While carrying a BRCA 1 or BRCA 2 mutation was associated with a better prognosis in the 3-year period after diagnosis of invasive ovarian cancer, this short-term survival advantage did not lead to long-term survival benefit, according to a study published in the Journal of the National Cancer Institute. The study followed 1,626 unselected women diagnosed with invasive ovarian cancer in Ontario, Canada, and Tampa, Florida, for a mean of 6.9 years (range, 0.3–15.7 years). Among these women, “129 were identified as carriers of BRCA1 mutations, 89 were identified as carriers of BRCA2 mutations, and 1,408 were classified as noncarriers,” the researchers reported. Overall, the mutation carriers made up 13.4% of the study population.
“The mutation carriers had an unfavorable distribution of stage, grade, and histology, compared with noncarriers and therefore an adjusted analysis was conducted,” the researchers reported. “In multivariable survival analysis, adjusted for histologic subtype, age at diagnosis, disease stage, and grade, the presence of a BRCA1 or BRCA2 mutation was associated with a better prognosis at 3 years after diagnosis (hazard ratio [HR] = 0.68, 95% confidence interval [CI] = 0.48–0.98; P = .03). The advantage waned over time; at 5 years after diagnosis, the hazard ratio was 0.79 (95% CI = 0.63–1.01; P = .06), and at 10 years after diagnosis, the hazard ratio was 1.00 (95% CI = 0.83–1.22; P = .90).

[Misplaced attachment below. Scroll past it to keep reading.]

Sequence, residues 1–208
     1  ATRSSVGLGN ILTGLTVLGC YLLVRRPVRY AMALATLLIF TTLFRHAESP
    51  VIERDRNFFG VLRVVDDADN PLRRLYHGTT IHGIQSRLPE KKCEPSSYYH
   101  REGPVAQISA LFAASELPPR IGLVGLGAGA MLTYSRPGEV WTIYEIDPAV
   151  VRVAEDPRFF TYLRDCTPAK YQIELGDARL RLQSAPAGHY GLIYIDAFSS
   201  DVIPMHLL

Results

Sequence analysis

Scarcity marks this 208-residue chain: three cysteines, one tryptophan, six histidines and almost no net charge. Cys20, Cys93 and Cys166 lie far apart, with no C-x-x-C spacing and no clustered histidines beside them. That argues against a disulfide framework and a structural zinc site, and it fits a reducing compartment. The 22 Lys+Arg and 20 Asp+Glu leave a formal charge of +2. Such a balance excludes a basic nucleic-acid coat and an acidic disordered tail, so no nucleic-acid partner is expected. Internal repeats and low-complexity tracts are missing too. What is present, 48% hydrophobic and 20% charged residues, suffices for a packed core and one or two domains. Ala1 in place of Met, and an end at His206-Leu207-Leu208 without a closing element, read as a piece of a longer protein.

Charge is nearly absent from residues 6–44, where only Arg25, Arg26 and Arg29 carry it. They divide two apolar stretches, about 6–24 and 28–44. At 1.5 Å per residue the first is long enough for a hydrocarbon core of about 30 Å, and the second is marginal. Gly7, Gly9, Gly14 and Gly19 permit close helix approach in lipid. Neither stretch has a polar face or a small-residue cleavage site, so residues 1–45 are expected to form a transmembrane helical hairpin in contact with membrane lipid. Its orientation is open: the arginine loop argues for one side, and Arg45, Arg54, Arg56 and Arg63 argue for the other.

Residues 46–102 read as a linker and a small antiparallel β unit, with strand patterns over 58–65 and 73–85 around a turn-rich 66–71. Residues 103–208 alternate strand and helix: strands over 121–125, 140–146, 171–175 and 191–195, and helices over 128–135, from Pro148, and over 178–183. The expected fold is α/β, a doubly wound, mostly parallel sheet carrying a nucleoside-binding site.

Women with serous cancers (73% of the BRCA mutation carriers and 53% of the nonhereditary cases) had worse survival than women with other histologic subtypes. Among women with serous cancers, 12-year survival (which the investigators deemed “a reasonable surrogate for cure”) was similar for BRCA1 mutation carriers (27.4%), BRCA2 mutation carriers (27.7%), and noncarriers (27.1%).
“We believe that there is insufficient evidence to conclude that survival from ovarian cancer differs between carriers and noncarriers, and we disagree with the recommendation that health-care providers should counsel women with ovarian cancer and carrying BRCA mutations that they should expect their survival to be better than that of noncarriers or that treatment could be tailored to reflect the differences in survival,” the authors concluded. ■
McLaughlin JR, et al: J Natl Cancer Instit 105:141-148, 2013.